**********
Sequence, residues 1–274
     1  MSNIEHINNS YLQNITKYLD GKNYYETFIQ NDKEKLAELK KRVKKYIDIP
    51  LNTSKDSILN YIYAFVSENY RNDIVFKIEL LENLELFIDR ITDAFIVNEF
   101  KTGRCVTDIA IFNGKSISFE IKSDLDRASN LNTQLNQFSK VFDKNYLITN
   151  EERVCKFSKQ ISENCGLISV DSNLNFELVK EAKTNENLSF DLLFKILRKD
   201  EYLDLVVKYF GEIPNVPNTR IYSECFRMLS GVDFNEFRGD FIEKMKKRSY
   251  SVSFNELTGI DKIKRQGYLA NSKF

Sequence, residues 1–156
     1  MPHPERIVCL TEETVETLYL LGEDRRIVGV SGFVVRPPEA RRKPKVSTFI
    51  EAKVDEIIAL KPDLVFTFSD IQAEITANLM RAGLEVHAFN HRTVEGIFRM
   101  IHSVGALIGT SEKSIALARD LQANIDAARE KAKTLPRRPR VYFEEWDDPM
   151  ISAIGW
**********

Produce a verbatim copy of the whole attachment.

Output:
Sequence, residues 1–274
     1  MSNIEHINNS YLQNITKYLD GKNYYETFIQ NDKEKLAELK KRVKKYIDIP
    51  LNTSKDSILN YIYAFVSENY RNDIVFKIEL LENLELFIDR ITDAFIVNEF
   101  KTGRCVTDIA IFNGKSISFE IKSDLDRASN LNTQLNQFSK VFDKNYLITN
   151  EERVCKFSKQ ISENCGLISV DSNLNFELVK EAKTNENLSF DLLFKILRKD
   201  EYLDLVVKYF GEIPNVPNTR IYSECFRMLS GVDFNEFRGD FIEKMKKRSY
   251  SVSFNELTGI DKIKRQGYLA NSKF

Sequence, residues 1–156
     1  MPHPERIVCL TEETVETLYL LGEDRRIVGV SGFVVRPPEA RRKPKVSTFI
    51  EAKVDEIIAL KPDLVFTFSD IQAEITANLM RAGLEVHAFN HRTVEGIFRM
   101  IHSVGALIGT SEKSIALARD LQANIDAARE KAKTLPRRPR VYFEEWDDPM
   151  ISAIGW